Now corn, you might argue, well, that’s a solar system to because, you know, the corn grows, is a kind of grass, and it grows out in the sun. But, in fact, to get the kind of harvest of corn we get and the surpluses, you have to apply vast quantities of fertilizer, which is a fossil fuel. It’s ammonium nitrate. And we began doing this after World War II. It made corn grow incredibly well. We get 130 bushels of corn off an acre where a hundred years ago we got 20. And all of that fertilizer is made from oil. And, in fact, it takes 1.2 gallons of oil to grow a bushel of corn. So I realized I was looking at a different kind of system. We had gone from a solar system to a fossil fuel system. And this strikes me as a kind of crazy thing.
GROSS: Let’s get back to the cow’s stomach.
Mr. POLLAN: Yeah.
GROSS: So the cow now is eating corn instead of eating grass. Its stomach is made for digesting grass and turning it into protein. How does the cow’s digestive system handle corn?
Mr. POLLAN: Well, very poorly. It’ll go kablooey if it’s not done very gradually. And I talked to people who said that most cows, most beef cattle getting a heavy diet of corn–and again, they can tolerate some of it, but when you crank it up to 70, 80, 90 percent grain, their stomachs go haywire. They suffer from a range of different phenomenon, one of which is bloat.
You know, the rumen, this organ, is always producing copious amounts of gas, and these are expelled during rumination, you know, when the animal kind of chews its cud. It regurgitates this bolus of grass and in the process releases all this greenhouse gas, essentially methane and things because when you’re digesting grass much gas is produced. But when they’re eating corn, this layer of slime forms over the mass in the rumen, and it doesn’t allow the gas to escape. So what happens is the rumen begins to expand like a balloon until it’s pressing up against the lungs of the animal. And if nothing is done to release the pressure of that gas, the animal suffocates. It can’t breathe anymore. So what do they do? Well, if it gets to that point, they force a hose down the esophagus of the animal, and that releases the gas, and they very quickly put them back on hay for a little while.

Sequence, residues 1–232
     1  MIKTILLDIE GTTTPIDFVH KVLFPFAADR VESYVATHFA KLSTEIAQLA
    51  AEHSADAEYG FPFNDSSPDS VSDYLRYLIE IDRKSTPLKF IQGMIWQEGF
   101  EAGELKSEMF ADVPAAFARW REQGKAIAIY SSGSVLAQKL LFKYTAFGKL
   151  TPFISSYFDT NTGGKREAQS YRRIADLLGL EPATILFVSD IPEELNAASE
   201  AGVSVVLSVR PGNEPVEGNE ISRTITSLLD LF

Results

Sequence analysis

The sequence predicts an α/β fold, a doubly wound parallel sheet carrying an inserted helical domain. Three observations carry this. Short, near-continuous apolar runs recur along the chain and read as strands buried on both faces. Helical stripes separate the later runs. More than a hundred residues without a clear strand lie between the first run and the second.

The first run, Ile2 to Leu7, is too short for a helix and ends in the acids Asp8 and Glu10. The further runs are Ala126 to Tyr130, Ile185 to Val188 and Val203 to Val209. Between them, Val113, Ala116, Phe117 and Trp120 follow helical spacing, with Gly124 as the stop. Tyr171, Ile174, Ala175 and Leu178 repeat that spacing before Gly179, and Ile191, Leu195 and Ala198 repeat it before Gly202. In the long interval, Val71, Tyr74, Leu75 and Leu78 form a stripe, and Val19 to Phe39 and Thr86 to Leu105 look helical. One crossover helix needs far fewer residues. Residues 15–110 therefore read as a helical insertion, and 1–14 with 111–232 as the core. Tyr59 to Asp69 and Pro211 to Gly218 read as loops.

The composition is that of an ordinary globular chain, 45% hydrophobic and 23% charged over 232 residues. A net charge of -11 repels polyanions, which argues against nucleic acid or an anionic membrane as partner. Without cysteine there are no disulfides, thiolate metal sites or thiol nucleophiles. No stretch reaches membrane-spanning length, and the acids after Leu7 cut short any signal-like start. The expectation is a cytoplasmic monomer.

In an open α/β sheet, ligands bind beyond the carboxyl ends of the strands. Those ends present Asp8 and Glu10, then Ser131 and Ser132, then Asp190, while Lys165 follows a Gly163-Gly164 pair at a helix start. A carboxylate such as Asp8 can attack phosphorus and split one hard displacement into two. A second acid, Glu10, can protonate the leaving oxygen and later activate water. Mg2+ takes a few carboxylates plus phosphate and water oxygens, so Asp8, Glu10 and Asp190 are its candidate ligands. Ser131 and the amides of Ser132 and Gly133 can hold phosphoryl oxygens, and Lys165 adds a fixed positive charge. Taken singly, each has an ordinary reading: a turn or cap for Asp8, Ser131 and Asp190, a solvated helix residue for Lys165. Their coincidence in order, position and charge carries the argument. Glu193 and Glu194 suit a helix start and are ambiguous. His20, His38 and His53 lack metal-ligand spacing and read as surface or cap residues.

So that’s one of the things that can go wrong. Well, perhaps the most dramatic. But a whole other range of problems are created because the corn acidifies the rumen. The rumen has basically a neutral pH when it’s healthy and getting grass, and that’s very significant for a lot of reasons. But you feed it corn and it gets a lot more acidic. And the rumen can’t deal with acids, and what happens is the acids gradually eat away at the wall of the rumen, creating little lesions or ulcers through which bacteria can pass. And the bacteria get into the bloodstream and travel down to the liver, which collects all such impurities, and infects the liver. And that is why more than 13 percent of the animals slaughtered in this country are found to have abscessed livers that have to be thrown away and is a sign of disease.
But this low-level sickness, acidosis or even subacute acidosis, as they call it, afflicts many, many–probably the majority–of feedlot calves, and it leaves them vulnerable to all sorts of other diseases. Their immune systems are compromised. So they get this, you know, horrifying list of feedlot diseases. You know, we have these diseases of civilization, you know, heart disease and such things. Well, they have their own diseases of civilization: feedlot polio, abscessed livers, rumenitis, all these kinds of things that cows in nature simply don’t get.
GROSS: Is this where the antibiotics come in?
Mr. POLLAN: Yeah. The only way you can keep a cow alive getting this much corn would be with antibiotics. And they get large quantities of antibiotics with their feed every day. They get rumensin, which is technically an ionophore. It’s a kind of antibiotic that helps with the bloat and the acidosis. And then they get tylosin, which is in the erythromycin family. And that antibiotic cuts down on the incidence of liver disease, and without that, they would all have liver disease probably.

I hope that helps to answer your questions. If you want to read the full transcript of the Fresh Air interview, please click here.

You might also want to read Pollan’s book, The Omnivore’s Dilemma: A Natural History of Four Meals. I learned a lot reading that book; I think you will enjoy it.

Got a Comment?

I don’t claim to have all the answers.  And I love hearing from you guys!  If you have feedback on any of the above questions and answers, please share your thoughts in the comments below.

Got a Question?

Please submit your questions to questions AT cheeseslave DOT com. I’ll answer your questions every Sunday in the order I receive them.